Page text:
The above suggests that the atmosphere and emotional and physical states during the trauma are very closely connected to the operation and functioning of the brain. This then effects bodily changes, which also include diseases and one’s health condition.

Studies in the field of health care and medicine [14] have generally shown that people who have been sexually abused in the past have more health issues, report more somatic symptoms and pains than people who are not victims of sexual abuse. They also report a greater degree of chronic diseases. The most common and most general are: gastrological diseases, stomach diseases (ulcer), respiratory disorders (e.g., asthma, bronchitis, emphysema), heart problems, hypertension, arthritis, diabetes and gynaecological problems. Gynaecological problems are most often related to the loss of the menstrual cycle or excessive bleeding, sexual dysfunctions, frequent pains in the lower abdomen (even when not during menstruation), frequent inflammation of genitalia and pains during sexual intercourse.

Golding [15] interviewed a group of women who were seeking help due to severe PMS. She found that 95% of the women reported that they had experienced at least one attempt of sexual abuse or were sexually abused. Furthermore, 81% of these women were raped.

Additionally, other studies [11,13] report chronic inflammation of the bladder and frequent and painful urinating - which only intensify during menstruation. Such studies estimate that 90% of women with a history of sexual abuse experience these problems.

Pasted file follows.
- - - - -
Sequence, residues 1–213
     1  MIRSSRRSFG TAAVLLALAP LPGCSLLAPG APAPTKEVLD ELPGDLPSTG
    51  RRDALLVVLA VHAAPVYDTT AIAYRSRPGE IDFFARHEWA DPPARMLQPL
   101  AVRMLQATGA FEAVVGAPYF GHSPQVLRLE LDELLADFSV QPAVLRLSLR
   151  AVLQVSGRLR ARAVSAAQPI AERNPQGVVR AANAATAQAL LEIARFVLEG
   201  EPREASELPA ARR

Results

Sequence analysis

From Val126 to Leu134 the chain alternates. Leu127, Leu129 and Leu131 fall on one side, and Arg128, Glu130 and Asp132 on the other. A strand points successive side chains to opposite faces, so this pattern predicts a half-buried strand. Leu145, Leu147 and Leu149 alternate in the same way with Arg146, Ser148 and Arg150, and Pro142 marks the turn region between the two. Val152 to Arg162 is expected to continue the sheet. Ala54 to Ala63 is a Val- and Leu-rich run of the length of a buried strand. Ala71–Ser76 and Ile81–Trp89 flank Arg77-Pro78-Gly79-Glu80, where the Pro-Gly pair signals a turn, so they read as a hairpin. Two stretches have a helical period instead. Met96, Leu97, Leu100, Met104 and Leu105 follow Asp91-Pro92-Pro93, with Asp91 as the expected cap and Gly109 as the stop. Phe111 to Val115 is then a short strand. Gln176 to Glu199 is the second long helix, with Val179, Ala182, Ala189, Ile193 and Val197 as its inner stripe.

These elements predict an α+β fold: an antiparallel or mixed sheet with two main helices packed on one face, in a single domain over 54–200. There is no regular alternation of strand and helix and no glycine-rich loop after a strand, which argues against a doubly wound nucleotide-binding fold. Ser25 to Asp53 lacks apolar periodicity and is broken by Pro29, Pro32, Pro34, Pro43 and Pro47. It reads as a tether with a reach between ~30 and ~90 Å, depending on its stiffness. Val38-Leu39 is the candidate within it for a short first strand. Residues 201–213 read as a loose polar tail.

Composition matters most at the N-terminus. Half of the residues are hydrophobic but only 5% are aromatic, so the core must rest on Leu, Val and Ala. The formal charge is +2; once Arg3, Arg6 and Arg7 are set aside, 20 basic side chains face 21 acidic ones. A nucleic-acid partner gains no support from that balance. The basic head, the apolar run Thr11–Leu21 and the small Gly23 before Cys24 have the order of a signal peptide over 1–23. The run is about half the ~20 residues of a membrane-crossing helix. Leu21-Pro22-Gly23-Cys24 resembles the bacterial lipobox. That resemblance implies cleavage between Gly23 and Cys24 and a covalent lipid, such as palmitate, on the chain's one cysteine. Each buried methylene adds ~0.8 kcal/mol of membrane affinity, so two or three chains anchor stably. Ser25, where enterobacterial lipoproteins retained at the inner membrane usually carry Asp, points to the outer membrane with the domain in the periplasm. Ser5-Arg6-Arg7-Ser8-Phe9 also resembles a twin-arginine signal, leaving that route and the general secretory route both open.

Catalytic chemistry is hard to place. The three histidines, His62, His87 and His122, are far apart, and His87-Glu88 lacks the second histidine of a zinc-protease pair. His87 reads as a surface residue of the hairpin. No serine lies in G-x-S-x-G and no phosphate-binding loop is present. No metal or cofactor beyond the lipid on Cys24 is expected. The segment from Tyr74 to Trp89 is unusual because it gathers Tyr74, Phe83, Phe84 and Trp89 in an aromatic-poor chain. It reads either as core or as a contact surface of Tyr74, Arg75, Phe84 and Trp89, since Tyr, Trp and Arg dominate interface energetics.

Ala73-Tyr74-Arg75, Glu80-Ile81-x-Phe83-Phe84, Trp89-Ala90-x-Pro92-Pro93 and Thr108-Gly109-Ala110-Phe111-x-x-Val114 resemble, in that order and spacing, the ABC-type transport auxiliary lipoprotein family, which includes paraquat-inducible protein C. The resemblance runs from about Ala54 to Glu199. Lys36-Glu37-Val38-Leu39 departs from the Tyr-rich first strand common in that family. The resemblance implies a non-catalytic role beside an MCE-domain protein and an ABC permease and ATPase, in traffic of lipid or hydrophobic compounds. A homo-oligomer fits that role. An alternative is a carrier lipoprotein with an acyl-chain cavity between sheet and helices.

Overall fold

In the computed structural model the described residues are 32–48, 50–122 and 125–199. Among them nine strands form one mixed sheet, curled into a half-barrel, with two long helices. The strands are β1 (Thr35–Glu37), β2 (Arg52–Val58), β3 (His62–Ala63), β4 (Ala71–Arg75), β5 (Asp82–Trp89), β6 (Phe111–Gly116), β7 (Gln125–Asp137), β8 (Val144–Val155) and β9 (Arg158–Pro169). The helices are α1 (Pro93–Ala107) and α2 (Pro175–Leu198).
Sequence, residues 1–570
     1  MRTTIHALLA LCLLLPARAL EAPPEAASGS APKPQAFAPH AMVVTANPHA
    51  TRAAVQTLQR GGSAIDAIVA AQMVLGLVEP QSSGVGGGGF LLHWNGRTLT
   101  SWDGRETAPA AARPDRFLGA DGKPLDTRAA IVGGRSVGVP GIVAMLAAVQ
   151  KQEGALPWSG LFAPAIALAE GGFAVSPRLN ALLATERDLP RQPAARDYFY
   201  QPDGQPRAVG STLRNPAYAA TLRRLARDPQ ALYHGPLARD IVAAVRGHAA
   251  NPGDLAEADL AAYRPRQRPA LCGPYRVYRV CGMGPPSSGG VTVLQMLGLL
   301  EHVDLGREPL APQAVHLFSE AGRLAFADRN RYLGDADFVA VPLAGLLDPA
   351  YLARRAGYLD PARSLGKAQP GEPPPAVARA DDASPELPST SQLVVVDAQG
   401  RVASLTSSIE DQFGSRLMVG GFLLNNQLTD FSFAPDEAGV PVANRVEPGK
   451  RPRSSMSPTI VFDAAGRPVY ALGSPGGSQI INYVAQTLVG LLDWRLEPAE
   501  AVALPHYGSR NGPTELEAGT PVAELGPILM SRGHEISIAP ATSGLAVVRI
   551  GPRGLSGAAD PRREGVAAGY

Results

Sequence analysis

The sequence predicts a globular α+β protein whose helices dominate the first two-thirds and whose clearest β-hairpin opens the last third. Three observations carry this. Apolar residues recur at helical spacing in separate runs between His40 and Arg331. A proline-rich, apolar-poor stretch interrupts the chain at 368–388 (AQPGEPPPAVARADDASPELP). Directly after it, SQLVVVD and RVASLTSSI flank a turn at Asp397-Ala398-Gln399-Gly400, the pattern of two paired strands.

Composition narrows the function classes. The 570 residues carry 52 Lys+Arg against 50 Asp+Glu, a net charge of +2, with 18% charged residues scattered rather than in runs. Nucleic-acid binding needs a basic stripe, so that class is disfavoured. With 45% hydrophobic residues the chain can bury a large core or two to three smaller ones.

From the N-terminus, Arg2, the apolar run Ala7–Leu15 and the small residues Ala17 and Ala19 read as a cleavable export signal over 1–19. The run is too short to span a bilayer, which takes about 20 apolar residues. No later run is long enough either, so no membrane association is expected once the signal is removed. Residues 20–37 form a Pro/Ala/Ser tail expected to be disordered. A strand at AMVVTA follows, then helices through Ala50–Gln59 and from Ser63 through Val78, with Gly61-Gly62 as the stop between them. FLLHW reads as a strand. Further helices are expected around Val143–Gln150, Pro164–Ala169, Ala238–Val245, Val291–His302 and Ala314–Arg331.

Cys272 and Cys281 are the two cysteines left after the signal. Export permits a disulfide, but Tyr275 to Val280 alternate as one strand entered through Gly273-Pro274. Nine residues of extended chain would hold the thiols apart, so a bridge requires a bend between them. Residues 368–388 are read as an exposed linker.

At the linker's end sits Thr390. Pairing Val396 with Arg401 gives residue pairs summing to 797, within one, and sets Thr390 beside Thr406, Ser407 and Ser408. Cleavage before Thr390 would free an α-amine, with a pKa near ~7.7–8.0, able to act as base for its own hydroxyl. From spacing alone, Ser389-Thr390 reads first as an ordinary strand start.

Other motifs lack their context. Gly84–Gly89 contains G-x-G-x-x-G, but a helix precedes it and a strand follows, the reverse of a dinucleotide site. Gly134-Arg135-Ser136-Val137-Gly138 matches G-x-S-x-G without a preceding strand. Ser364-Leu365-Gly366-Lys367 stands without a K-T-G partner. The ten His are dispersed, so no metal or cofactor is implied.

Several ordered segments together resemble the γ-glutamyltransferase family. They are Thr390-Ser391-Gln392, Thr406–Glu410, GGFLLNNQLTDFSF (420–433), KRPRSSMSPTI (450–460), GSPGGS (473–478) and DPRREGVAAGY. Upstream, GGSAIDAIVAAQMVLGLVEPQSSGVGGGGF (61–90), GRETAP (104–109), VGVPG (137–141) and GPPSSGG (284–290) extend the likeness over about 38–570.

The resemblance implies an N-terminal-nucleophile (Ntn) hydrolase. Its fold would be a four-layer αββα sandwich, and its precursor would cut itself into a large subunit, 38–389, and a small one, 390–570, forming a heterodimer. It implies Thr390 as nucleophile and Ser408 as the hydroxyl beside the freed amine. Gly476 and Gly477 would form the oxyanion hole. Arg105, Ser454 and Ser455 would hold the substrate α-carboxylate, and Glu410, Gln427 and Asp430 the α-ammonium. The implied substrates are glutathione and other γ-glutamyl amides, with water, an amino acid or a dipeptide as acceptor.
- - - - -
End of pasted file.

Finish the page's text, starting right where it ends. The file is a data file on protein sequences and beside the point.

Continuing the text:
It is precisely the above health issues that can lead to sexually abused women turning to pills and other medical devices.

In general, the trauma of sexual abuse can have a direct impact on the health of an abused person. This is because the victim could have been exposed to infection or even infected with an STD during the abuse itself. The abuse can also indirectly harm the victim’s health. This is because abuse increases the probability of the abused person getting involved in abusive relationships. In this regard, relational family therapy explores the subconscious attractiveness of abuse or the loyalty to feelings reminiscent of abuse (disgust, shame, disdain, fear, etc.). The psyche subconsciously seeks such an atmosphere, with the hope that these effects will be resolved and that something new – non-abusive – will happen [16]. Studies have shown that people who have been raped are much more inclined to experience physical violence from a partner in a relationship, compared to people who have no history of rape [17]. It is this physical violence that increases the chances of those victims suffering more serious injuries.

Some scholars [18] have found that victims of sexual abuse can quickly begin to perceive their bodies as dysfunctional. This can lead to psychosomatic problems. Some victims also become preoccupied with every bodily change. Furthermore, upon every - even the slightest - sign of illness, they suffer real horrors as if they were seriously ill. The consequences of such psychical distresses and experiences are manifested physically, in organs. In other words, the psychical pain is transferred to the victim's body and her body tells her that there is something she can no longer endure.